Neutron stars are the densest, most magnetic and fastest-spinning objects in the universe that scientists can observe directly. Image credits: NASA’s Goddard Space Flight Center/S. Wiessinger
Neutron stars are the smallest, densest stars in the universe, born out of the gravitational collapse of extremely massive stars. True to their name, neutron stars are composed almost entirely of neutrons — neutral subatomic particles that have been compressed into a small, incredibly dense celestial package.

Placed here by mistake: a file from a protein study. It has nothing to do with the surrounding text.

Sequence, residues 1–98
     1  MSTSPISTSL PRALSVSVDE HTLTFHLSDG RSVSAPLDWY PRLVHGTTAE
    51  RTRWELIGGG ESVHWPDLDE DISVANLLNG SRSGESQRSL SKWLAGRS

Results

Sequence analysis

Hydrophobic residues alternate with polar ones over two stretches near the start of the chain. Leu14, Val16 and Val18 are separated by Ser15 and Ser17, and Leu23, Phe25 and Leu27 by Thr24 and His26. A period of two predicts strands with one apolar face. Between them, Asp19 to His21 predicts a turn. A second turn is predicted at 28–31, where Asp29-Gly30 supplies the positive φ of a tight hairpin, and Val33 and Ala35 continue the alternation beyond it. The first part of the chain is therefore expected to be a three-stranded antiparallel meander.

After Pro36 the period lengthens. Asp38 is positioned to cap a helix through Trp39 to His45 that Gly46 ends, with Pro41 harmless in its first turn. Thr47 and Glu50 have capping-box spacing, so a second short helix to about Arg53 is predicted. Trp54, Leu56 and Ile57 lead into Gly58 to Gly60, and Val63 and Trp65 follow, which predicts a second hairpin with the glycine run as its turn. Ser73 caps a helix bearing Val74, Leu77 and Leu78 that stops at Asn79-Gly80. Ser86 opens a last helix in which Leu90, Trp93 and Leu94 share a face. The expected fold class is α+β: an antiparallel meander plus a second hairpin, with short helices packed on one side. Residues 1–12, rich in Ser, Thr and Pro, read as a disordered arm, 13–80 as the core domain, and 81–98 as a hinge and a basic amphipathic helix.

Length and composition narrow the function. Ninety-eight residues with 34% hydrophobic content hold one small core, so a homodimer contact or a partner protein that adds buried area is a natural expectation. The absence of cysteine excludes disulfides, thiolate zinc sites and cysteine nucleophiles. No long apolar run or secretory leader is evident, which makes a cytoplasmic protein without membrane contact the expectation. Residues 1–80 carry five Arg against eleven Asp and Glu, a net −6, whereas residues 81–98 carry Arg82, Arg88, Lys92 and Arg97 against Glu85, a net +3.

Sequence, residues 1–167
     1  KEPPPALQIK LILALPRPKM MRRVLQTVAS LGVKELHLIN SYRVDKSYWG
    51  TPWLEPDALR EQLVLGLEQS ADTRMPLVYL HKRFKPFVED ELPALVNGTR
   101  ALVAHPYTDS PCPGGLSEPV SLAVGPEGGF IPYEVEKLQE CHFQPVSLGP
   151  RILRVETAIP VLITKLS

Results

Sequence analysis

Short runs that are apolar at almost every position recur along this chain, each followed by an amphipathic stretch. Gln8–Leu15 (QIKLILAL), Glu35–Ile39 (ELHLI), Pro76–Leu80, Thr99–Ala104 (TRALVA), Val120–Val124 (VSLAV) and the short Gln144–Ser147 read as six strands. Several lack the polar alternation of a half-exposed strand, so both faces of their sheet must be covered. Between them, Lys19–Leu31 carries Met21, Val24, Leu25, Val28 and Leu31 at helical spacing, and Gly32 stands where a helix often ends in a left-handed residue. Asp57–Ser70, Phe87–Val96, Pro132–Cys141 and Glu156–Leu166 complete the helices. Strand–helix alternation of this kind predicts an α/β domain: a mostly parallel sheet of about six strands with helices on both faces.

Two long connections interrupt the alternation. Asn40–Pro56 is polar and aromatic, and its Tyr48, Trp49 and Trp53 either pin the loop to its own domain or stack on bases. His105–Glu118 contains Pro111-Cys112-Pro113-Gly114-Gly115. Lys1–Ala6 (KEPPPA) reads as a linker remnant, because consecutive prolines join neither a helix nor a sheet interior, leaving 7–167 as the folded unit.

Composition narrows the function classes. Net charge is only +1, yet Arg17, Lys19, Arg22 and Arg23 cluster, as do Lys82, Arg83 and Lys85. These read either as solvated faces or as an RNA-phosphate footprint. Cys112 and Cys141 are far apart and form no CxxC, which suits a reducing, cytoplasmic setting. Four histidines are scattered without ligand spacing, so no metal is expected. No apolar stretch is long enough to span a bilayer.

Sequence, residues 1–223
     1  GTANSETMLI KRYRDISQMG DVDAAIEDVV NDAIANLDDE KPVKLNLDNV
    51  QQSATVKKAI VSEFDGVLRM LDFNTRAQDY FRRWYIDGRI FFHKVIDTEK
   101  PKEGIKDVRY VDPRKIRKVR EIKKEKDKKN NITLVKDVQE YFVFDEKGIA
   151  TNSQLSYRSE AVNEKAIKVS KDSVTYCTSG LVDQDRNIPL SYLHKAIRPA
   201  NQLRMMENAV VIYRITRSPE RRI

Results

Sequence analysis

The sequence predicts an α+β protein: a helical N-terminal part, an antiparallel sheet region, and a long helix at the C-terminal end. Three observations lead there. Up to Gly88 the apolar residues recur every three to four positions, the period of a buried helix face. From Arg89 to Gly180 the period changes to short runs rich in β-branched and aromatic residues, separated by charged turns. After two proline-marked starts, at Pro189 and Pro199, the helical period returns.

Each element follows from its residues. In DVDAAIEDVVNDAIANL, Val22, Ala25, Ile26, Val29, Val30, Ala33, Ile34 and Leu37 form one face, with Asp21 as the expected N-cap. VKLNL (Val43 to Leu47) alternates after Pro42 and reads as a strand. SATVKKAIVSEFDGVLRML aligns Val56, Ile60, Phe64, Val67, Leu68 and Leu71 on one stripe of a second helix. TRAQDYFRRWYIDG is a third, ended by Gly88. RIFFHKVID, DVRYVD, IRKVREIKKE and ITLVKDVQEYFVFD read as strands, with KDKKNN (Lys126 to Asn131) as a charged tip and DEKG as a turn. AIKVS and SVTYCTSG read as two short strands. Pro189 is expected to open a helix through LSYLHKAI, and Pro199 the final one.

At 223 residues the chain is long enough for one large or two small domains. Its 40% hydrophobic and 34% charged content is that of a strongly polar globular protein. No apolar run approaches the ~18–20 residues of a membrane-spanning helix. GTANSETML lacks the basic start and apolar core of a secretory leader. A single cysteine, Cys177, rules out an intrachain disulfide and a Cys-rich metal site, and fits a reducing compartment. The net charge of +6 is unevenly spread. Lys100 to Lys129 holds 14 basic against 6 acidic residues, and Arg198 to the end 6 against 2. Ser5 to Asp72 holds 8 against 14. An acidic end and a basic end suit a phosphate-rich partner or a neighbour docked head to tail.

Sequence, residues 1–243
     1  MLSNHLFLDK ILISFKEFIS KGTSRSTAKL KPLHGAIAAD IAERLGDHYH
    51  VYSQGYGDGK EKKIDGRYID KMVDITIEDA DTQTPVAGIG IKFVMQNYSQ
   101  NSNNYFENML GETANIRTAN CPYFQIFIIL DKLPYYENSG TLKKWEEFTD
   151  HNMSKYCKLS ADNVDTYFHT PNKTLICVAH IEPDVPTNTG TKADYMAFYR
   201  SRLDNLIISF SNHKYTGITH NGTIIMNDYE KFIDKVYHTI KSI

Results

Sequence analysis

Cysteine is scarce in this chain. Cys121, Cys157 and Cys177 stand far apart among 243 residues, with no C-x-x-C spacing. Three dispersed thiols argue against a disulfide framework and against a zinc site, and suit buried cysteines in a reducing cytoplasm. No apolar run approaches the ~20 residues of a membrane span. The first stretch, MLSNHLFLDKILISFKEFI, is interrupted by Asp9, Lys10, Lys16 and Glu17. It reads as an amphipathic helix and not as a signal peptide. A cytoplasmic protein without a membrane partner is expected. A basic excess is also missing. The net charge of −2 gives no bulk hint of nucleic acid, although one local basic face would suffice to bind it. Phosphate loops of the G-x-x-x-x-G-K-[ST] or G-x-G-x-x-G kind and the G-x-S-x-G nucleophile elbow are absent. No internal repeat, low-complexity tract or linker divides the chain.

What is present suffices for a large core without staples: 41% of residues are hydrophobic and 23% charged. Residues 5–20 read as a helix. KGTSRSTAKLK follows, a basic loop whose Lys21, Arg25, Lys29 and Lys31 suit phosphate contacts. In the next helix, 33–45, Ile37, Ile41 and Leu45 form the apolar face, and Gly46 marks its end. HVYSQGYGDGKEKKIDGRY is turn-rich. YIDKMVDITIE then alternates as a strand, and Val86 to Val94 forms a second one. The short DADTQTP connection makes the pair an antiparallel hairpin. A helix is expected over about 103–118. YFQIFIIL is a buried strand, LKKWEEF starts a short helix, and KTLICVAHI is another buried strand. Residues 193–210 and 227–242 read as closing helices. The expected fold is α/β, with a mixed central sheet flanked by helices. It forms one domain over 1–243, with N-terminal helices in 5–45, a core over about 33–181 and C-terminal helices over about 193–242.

A new study in Nature suggests that some properties of neutron stars may be influenced not only by their multitude of densely packed neutrons, but also by a substantially smaller fraction of protons — positively charged particles that make up just five percent of a neutron star. Because protons may carry substantially more energy than previously thought, they may contribute to properties of a neutron star such as its stiffness, its ratio of mass to size and its process of cooling.
The research was led by Professor Eli Piasetzky of Tel Aviv University’s School of Physics, London, Israel, Professor Or Hen of the Massachusetts Institute of Technology (MIT), United States, and Professor Larry Weinstein of Old Dominion University, Virginia, United States. The graduate student who analysed the ...